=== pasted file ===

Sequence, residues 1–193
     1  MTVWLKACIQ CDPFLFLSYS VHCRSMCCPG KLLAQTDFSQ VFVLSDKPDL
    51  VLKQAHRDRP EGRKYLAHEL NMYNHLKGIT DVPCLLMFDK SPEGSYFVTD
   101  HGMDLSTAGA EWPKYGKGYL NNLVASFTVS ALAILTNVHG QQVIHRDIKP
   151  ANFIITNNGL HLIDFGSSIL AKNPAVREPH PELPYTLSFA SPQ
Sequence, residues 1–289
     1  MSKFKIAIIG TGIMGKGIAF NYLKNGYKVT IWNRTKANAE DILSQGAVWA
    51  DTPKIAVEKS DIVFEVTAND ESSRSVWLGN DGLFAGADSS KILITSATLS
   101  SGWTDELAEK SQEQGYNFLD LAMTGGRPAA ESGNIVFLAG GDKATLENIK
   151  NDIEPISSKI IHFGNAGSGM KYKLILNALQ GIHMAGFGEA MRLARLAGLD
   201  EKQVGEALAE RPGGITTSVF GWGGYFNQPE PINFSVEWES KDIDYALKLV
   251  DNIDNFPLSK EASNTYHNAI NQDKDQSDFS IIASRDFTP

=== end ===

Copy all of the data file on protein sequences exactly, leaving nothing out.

Sequence, residues 1–193
     1  MTVWLKACIQ CDPFLFLSYS VHCRSMCCPG KLLAQTDFSQ VFVLSDKPDL
    51  VLKQAHRDRP EGRKYLAHEL NMYNHLKGIT DVPCLLMFDK SPEGSYFVTD
   101  HGMDLSTAGA EWPKYGKGYL NNLVASFTVS ALAILTNVHG QQVIHRDIKP
   151  ANFIITNNGL HLIDFGSSIL AKNPAVREPH PELPYTLSFA SPQ
Sequence, residues 1–289
     1  MSKFKIAIIG TGIMGKGIAF NYLKNGYKVT IWNRTKANAE DILSQGAVWA
    51  DTPKIAVEKS DIVFEVTAND ESSRSVWLGN DGLFAGADSS KILITSATLS
   101  SGWTDELAEK SQEQGYNFLD LAMTGGRPAA ESGNIVFLAG GDKATLENIK
   151  NDIEPISSKI IHFGNAGSGM KYKLILNALQ GIHMAGFGEA MRLARLAGLD
   201  EKQVGEALAE RPGGITTSVF GWGGYFNQPE PINFSVEWES KDIDYALKLV
   251  DNIDNFPLSK EASNTYHNAI NQDKDQSDFS IIASRDFTP